Matt Bycer’s “etrog experiment” – which involved incubating etrog seeds in his living room in the hope that someday they would grow into trees that would bear fruit – has finally come to fruition.
This past June, about six years after the initial seed was planted, Bycer’s Scottsdale etrog farm produced its first fruit.
The farm – which is now called Sweetwater Orchards and has its own Facebook page – is a daily, year-round project for Bycer, 35, an attorney at his law firm, Bycer Law, PLC that specializes in patents, trademarks and copyrights.
The impetus for starting this project stemmed from Bycer learning about shmita – Israel’s sabbatical year during which Jews are not supposed to benefit from produce grown in Israel. Since Israel is the main supplier of etrogim for the Sukkot holiday, he committed himself to investigate how he could help provide etrogim for the next shmita year, which started last week on Rosh Hashanah.
Over the past few years, members of the Valley’s Jewish community, as well as individuals across the country, donated etrog seeds and etrogim to Bycer’s efforts; he now has 172 trees, with three of them bearing fruit.
The first fruit was from a Yanover variety tree, Bycer says, which is from the Italian Calabrian heritage and prized by many in the Chabad-Lubavitch movement.
So far, Bycer’s backyard farm is personally financed, but he plans to look into other sources of funding to keep it afloat.
This past winter, the farm underwent a major renovation and expansion, Bycer told Jewish News, growing from 900 square feet to 2,400 square feet. This included repotting plants into larger containers and expanding a large shade structure, which is now about 10 feet high and built from electrical and plumbing supplies from Home Depot. He also installed two 300-gallon tanks, with an improved water system from Jon Sigona at Perfect Water Technologies and installed an overhead misting system based on an Israeli design.
Many volunteers have contributed beyond providing seeds and etrogim, Bycer notes; students from Yeshiva High School of Arizona, as well as others, helped fill pots for replanting and assisted with building the roof of the shade structure.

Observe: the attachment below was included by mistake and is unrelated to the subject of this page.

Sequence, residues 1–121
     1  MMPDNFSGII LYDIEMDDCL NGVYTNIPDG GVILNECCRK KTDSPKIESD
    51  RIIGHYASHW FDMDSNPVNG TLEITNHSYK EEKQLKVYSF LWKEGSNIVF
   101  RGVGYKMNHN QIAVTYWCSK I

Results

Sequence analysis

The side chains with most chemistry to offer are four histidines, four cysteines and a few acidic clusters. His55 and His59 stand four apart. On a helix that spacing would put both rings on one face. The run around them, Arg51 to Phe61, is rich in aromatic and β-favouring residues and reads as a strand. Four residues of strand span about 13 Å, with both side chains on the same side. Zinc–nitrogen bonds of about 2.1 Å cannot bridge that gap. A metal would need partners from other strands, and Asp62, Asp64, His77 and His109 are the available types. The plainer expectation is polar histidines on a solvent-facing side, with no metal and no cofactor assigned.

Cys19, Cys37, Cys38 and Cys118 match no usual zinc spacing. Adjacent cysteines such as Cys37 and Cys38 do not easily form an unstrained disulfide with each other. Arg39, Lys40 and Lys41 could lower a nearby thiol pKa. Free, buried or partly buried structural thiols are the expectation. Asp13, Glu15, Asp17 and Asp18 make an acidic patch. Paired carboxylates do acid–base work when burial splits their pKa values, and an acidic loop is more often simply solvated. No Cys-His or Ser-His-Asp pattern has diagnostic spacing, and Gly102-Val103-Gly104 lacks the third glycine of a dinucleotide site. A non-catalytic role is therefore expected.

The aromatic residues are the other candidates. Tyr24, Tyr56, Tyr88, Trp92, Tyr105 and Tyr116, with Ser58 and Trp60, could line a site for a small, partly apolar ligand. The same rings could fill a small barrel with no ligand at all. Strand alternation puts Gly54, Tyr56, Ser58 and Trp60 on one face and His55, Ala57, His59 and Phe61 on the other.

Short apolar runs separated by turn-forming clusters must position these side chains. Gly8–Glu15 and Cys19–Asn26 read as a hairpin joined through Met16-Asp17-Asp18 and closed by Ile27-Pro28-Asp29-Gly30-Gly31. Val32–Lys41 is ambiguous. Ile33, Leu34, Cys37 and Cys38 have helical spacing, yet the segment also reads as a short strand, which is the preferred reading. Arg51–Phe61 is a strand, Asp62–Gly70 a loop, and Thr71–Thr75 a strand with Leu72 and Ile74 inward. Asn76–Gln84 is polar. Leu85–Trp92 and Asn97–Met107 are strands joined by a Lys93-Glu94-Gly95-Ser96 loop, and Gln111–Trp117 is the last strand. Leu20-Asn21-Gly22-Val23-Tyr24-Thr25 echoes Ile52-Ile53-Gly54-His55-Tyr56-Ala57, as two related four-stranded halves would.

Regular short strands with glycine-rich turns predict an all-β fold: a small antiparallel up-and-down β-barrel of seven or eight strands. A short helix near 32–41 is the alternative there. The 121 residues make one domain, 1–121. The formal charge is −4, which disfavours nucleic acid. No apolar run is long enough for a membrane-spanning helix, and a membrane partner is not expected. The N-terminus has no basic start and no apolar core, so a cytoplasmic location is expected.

Bycer’s family has also grown since last year – he and his wife, Elly, members of Ahavas Torah in Scottsdale, now have two daughters, Nava, 2, and Talya, 9 months.
Will the Scottsdale farm actually be able to provide a supply of etrogim for next year’s Sukkot holiday at the conclusion of the current shmita year?
Bycer thinks it may be possible to have a minimal crop available to help with the potential shortage.
On Sept. 22, nine members of Girl Scout Troop 1674 of the Arizona Cactus-Pine Council visited the farm, where Bycer led a tour for the fifth-graders and talked to them about Sukkot customs and shmita. The troop’s members – Jewish students from Phoenix, Scottsdale and Tempe – are in the process of earning their junior gardening badge, according to their troop leader, Halle Farber.
“The orchard was a real lesson to the girls in perseverance,” Farber wrote in an email. “The girls were impressed how much work Matt put into the farm, knowing that the trees would not bear fruit for many years.”
They were also “fascinated by the concept of shmita and wanted to know what happens to etrog farms in Israel during the year when farmers there let the land rest.”
Although the girls were unable to touch the etrogim because the fruits were so new and delicate, “they were able to get their hands dirty with a seed and soil planting project, and they were particularly captivated by the caterpillars and bugs on the property,” Farber wrote.
“They also learned about the sun, shade and irrigation required to grow etrogim in Arizona and the financial considerations made in determining how much and when to plant.
“It was a fascinating glimpse into all of the various components that go into cultivating fruit in our desert climate.”
Contact Matt Bycer at email@example.com.